A Papaya Packs A Healthy Punch

Diana Helfand
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Wednesday - July 13, 2005
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The Williams family recently arrived in Hawaii and settled in the growing community of Ewa Beach.

Ian ,22, is a student at UH West Oahu, where he is specializing in justice administration. Ian’s goal is to work as a special agent for the FBI after he graduates.

Ian’s father, Dennis, has an important job as commander in charge of Naval Exercise Planning for the Northern Pacific Fleet of the U.S. Navy. His mother, Allison, is a popblues- country music songwriter and will be releasing her first album this summer. She is also an excellent cook, and has taught Ian to make many of her healthy dishes using customized recipes.

The family loves Hawaii and expects to be here for some time to come.

This column is dedicated to the Williams family for their appreciation of the aloha spirit and the special beauty of Hawaii.

Papaya is plentiful in Hawaii, and makes a nice sweet addition to this tangy salad.

Papaya is believed to be native to Mexico and Central America. The Spanish and Portuguese were instrumental in advancing its cultivation, and it is now cultivated in most tropical and subtropical climates.

Choose papayas that have reddish-orange or yellow skin and yield slightly to soft pressure from the fingers. Avoid papayas that are totally green or overly hard, as they have been picked too soon, and most likely will not ripen properly. A few black or moldy spots on the surface will not affect the flavor, but pass up those that are bruised or overly soft. Papayas that are partially yellow should be left at room temperature where they will ripen in a few days. If you want to hasten ripening, place them in a paper bag with a banana.

Ripe papayas should be stored in the refrigerator and consumed within one or two days for maximum flavor and texture. Most people discard the seeds, but they are actually edible and have a peppery flavor. They can be chewed whole or blended into a creamy salad dressing, giving it a peppery tang.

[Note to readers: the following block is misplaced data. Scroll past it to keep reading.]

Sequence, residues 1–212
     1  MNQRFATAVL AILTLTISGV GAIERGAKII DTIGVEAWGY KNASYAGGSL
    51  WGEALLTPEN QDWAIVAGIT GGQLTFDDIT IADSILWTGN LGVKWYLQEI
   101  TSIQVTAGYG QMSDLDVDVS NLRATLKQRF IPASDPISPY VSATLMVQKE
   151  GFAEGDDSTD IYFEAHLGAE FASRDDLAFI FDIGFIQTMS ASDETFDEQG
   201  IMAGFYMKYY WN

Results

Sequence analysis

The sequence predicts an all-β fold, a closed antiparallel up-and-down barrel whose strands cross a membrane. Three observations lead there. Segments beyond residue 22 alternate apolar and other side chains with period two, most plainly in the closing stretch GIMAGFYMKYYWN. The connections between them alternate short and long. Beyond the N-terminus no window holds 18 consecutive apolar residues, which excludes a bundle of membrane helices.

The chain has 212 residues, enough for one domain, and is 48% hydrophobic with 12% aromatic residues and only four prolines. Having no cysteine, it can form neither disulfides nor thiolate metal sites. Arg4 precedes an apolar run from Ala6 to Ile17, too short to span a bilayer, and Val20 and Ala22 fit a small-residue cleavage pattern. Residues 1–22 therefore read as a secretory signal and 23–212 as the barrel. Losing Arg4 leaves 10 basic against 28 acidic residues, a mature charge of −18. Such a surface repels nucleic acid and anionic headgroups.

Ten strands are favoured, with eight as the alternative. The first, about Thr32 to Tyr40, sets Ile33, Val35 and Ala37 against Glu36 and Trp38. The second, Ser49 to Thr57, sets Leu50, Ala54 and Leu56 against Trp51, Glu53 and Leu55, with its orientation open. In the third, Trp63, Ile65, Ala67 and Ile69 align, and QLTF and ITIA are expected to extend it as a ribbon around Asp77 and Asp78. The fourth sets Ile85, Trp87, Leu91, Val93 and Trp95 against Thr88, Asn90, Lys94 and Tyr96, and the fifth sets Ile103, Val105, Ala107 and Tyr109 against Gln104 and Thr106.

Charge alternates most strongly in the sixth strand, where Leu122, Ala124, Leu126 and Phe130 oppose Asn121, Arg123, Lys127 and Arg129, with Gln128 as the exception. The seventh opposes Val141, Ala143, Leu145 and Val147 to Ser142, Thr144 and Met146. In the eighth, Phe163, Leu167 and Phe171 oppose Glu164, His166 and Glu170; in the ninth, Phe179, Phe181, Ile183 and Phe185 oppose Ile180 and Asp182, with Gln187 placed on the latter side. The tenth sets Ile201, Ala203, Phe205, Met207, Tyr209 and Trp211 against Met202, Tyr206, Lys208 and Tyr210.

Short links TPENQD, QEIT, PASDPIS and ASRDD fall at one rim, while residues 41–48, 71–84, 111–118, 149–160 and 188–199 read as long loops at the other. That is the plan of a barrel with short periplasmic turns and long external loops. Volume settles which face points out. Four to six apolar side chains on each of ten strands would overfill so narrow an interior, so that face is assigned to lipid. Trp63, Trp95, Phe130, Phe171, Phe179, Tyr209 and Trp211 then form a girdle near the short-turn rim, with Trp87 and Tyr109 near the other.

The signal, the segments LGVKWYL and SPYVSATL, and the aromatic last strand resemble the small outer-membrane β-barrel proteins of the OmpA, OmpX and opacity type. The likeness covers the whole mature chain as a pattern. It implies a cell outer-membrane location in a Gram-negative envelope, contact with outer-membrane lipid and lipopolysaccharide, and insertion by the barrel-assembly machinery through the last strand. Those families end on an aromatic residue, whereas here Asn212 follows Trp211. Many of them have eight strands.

Papaya is tasty, versatile and good for you

Papayas are rich sources of antioxidant nutrients such as carotenes, vitamin C and flavonoids; the B vitamins, folate and pantothenic acid; and the minerals, potassium and magnesium; and fiber. In addition, papaya contains the digestive enzyme papain, which is extracted from the papaya skin and used in the meat industry as a tenderizer. Papayas are also a good source of fiber, which has been shown to lower high cholesterol levels, and folic acid found in papayas is needed for the conversion of a substance called homocysteine into benign amino acids such as cysteine or methionine. If unconverted, homocysteine can directly damage blood vessel walls and, if levels get too high, is considered a significant risk factor for a heart attack or stroke.

The nutrients in papaya have also been shown to be helpful in the prevention of colon cancer. Papaya’s fiber is able to bind to cancer-causing toxins in the colon and keep them away from the healthy colon cells. In addition, papaya’s folate, vitamin C, betacarotene and vitamin E have each been associated with a reduced risk of colon cancer. The vitamin A and C found in papaya are both needed for the proper function of a healthy immune system.

• 2 6-ounce skinless, boneless chicken breast halves
• 1/2 cup low-sodium shoyu
• 1 tablespoon fresh grated ginger
• 1 tablespoon fresh minced garlic
• 1 tablespoon brown sugar
• 1 tablespoon finely chopped green onion
• 2 firm vine-ripened tomatoes, diced
• 1/2 cup chopped Maui onion
• 2 teaspoons minced jalapeno pepper
• 1 teaspoon finely chopped fresh basil
• 1 pound bag of fresh salad greens
• 1 large firm papaya, cut into thin slices
fat-free honey-mustard dressing

In small bowl or shallow pan, mix shoyu, ginger, garlic, brown sugar and green onion until combined. Add chicken, cover and marinate for at least 3 hours in refrigerator. Mix tomatoes, onion, pepper and basil until well-combined. Cover and refrigerate for at least 1 hour to meld flavors.

Preheat grill to high heat and brush with oil so chicken won’t stick. Place chicken breasts on grill and cook for about 7 minutes on each side, or until juices run clear. Slice into thin strips. Place salad greens on four plates, and divide tomato mixture over each salad. Divide chicken strips and place on top. Top with papaya slices and drizzle with dressing.

Makes four servings.

Approximate Nutrition Information Per Serving:
Calories: 320
Fat: 4 grams
Cholesterol: 35 milligrams
Sodium: 300 milligrams

(Diana Helfand, author of “Hawaii Light and Healthy” and “The Best of Heart-y Cooking,” has taught nutrition in the Kapiolani Community College culinary arts program.)

(Diana Helfand, author of “Hawaii Light and Healthy” and “The Best of Heart-y Cooking,” has taught nutrition in the Kapiolani Community College culinary arts program.)

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